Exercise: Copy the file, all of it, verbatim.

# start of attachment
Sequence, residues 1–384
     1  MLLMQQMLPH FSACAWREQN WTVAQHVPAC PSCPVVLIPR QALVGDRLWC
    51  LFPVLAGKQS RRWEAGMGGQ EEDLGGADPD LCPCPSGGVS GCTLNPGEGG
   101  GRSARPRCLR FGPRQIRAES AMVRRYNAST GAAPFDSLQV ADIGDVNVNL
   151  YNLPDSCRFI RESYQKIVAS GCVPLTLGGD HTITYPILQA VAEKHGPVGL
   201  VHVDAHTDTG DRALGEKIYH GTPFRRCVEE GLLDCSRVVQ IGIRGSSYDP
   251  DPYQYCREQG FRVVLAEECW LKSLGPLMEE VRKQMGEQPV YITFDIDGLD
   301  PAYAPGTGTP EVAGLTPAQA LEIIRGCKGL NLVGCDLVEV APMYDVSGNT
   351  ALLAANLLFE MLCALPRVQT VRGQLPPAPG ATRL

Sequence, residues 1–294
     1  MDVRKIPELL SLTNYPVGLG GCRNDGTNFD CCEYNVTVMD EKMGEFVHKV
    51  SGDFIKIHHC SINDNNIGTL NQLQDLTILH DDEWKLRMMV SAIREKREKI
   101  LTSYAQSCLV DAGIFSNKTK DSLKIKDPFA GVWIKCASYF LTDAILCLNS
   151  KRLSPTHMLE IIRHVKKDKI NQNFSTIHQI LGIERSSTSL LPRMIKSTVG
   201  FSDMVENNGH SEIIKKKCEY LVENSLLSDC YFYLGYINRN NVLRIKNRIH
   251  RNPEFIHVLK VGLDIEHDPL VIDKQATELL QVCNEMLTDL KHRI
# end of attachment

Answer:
Sequence, residues 1–384
     1  MLLMQQMLPH FSACAWREQN WTVAQHVPAC PSCPVVLIPR QALVGDRLWC
    51  LFPVLAGKQS RRWEAGMGGQ EEDLGGADPD LCPCPSGGVS GCTLNPGEGG
   101  GRSARPRCLR FGPRQIRAES AMVRRYNAST GAAPFDSLQV ADIGDVNVNL
   151  YNLPDSCRFI RESYQKIVAS GCVPLTLGGD HTITYPILQA VAEKHGPVGL
   201  VHVDAHTDTG DRALGEKIYH GTPFRRCVEE GLLDCSRVVQ IGIRGSSYDP
   251  DPYQYCREQG FRVVLAEECW LKSLGPLMEE VRKQMGEQPV YITFDIDGLD
   301  PAYAPGTGTP EVAGLTPAQA LEIIRGCKGL NLVGCDLVEV APMYDVSGNT
   351  ALLAANLLFE MLCALPRVQT VRGQLPPAPG ATRL

Sequence, residues 1–294
     1  MDVRKIPELL SLTNYPVGLG GCRNDGTNFD CCEYNVTVMD EKMGEFVHKV
    51  SGDFIKIHHC SINDNNIGTL NQLQDLTILH DDEWKLRMMV SAIREKREKI
   101  LTSYAQSCLV DAGIFSNKTK DSLKIKDPFA GVWIKCASYF LTDAILCLNS
   151  KRLSPTHMLE IIRHVKKDKI NQNFSTIHQI LGIERSSTSL LPRMIKSTVG
   201  FSDMVENNGH SEIIKKKCEY LVENSLLSDC YFYLGYINRN NVLRIKNRIH
   251  RNPEFIHVLK VGLDIEHDPL VIDKQATELL QVCNEMLTDL KHRI